Management Resource Institute.
Curse: English Composition
Instructor: Sonia Pinock
While myriad forces are changing the face of contemporary healthcare, one could argue that nothing will change the way nursing is practiced more than current advances in technology. Technology is changing the world at warp speed and nowhere is this more evident than in healthcare settings. This article identifies seven emerging technologies that will change the practice of nursing; three skill sets nurses will need to develop to acquire, use, and integrate these emerging technologies; and four challenges nurse leaders will face in integrating this new technology.
Keywords: Change, future, technology, genetics, genomics, Human Genome, 3-D printing, robotics, nanomedicine, nanotechnology, biomechatronics.
There are many emerging technologies that will change the practice of nursing in the coming decade. Seven are discussed here; genetics and genomics; less invasive and more accurate tools for diagnosis and treatment; 3-D printing; robotics; biometrics; electronic health records; and computerized physician/provider order entry and clinical decision support. Some examples of this are the following ones:
Biometrics: Electronic capture and analysis of biological characteristics—e.g., fingerprints, facial structure or iris—acting as a security alternative to passwords. The healthcare environment will also continue to be rapidly transformed by new technology as a result of the need to provide confidentiality and security of patient data, i.e., to comply with the Health Insurance Portability and Accountability Act of 1996 (HIPAA) calls for a tiered approach to data access in which staff members have access to only the information that they need to know to perform their jobs. To that end, developers of new technology must assure that access is both targeted and appropriate. Biometrics, or the science of identifying people through physical characteristics such as fingerprints, handprints, retinal scans, palm vein prints, voice recognition, facial structure, and dynamic signatures, is often suggested as a solution to the information access problem. Experts suggest that biometric signatures will become common place in most healthcare organizations since they will provide the needed security for medical records. Fingerprint biometrics is still the most common type of biometrics in healthcare, primarily because of its ease of use, small size, and affordable price. Detection of facial geometry through facial landmarks such as approach angles; eyebrow and mouth contours; skin texture analysis; and hairstyles, however, is also beginning to make inroads into healthcare as a biometric measure. Less invasive and more accurate tools for diagnostics and treatment will also change nursing practice in the future. For example, heart disease is likely to be diagnosed by a new blood test that eliminates the need for risky diagnostic angiograms. A new 23-gene blood test checks for certain blood proteins linked to heart disease. In a recent trial, the blood test was 85% accurate in detecting potentially harmful blockages among patients.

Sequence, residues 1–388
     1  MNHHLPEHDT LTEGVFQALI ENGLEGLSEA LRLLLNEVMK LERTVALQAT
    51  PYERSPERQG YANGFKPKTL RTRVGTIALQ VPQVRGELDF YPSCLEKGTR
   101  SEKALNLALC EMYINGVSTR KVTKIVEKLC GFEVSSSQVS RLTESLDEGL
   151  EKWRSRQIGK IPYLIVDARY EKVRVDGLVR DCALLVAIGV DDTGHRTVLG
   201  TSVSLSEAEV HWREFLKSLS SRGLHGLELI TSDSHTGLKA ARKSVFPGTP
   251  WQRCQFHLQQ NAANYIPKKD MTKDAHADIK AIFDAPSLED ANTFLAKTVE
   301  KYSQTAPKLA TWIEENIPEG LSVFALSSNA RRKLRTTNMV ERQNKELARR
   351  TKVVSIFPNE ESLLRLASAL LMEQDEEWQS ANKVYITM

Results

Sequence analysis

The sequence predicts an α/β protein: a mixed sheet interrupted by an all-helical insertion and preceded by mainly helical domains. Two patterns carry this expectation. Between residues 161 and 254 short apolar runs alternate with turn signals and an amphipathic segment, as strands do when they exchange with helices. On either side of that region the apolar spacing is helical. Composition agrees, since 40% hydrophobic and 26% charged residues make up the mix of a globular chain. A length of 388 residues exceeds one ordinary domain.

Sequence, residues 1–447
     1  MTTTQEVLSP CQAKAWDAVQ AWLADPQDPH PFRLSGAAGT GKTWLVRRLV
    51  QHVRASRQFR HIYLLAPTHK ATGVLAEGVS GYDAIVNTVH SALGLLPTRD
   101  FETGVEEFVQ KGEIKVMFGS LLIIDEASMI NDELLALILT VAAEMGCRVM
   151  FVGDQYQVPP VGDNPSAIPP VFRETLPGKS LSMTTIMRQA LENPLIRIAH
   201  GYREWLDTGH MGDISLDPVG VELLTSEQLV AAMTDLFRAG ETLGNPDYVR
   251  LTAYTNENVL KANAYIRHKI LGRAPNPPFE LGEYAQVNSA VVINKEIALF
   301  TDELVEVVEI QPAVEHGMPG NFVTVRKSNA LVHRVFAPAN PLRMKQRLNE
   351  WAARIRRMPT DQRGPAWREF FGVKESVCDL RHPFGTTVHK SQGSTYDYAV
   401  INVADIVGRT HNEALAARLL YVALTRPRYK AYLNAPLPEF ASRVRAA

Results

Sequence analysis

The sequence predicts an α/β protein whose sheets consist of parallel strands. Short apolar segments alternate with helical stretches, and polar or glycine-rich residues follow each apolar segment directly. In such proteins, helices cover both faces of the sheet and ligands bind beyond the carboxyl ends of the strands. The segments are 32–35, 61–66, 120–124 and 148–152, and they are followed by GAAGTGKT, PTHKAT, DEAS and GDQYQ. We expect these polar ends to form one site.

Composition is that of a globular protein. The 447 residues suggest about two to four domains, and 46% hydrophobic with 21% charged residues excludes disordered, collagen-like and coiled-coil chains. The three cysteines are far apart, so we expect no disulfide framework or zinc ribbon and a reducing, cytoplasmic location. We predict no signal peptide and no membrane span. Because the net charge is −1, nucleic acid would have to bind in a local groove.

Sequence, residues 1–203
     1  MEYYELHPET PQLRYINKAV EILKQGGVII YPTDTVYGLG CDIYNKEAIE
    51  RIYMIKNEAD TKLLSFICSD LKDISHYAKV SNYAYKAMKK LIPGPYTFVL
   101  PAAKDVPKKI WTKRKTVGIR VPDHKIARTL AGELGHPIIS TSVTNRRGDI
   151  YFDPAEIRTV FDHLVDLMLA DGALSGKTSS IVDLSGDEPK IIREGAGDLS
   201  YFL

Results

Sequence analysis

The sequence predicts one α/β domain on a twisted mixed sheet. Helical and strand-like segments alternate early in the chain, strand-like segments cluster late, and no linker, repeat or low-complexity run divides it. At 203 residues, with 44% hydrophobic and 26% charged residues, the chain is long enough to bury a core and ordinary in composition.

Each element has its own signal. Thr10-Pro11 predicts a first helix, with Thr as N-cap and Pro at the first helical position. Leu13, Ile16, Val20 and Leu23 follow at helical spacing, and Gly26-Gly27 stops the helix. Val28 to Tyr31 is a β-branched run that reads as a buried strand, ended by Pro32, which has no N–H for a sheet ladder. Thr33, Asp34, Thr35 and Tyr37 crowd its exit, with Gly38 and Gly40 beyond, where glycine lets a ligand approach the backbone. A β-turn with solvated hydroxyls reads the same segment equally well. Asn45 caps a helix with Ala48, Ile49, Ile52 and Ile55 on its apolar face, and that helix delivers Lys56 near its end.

Magnets are also increasingly likely to be used as a treatment for major depression. Cleared by the FDA in 2008, small electromagnets are now placed on the scalp behind the left forehead as a therapeutic intervention for depression. These magnets deliver a tiny electric current to the part of the brain linked to depression. It seems to work, although the mechanism for action is not fully understood. In fact, a large study found these magnets were three times more effective than a placebo and most importantly, they had no serious side effects.
Scanning technology is predicted to improve to the point that images of soft and hard tissues in the body will be so clear that exploratory surgery and invasive procedures will virtually be eliminated within a few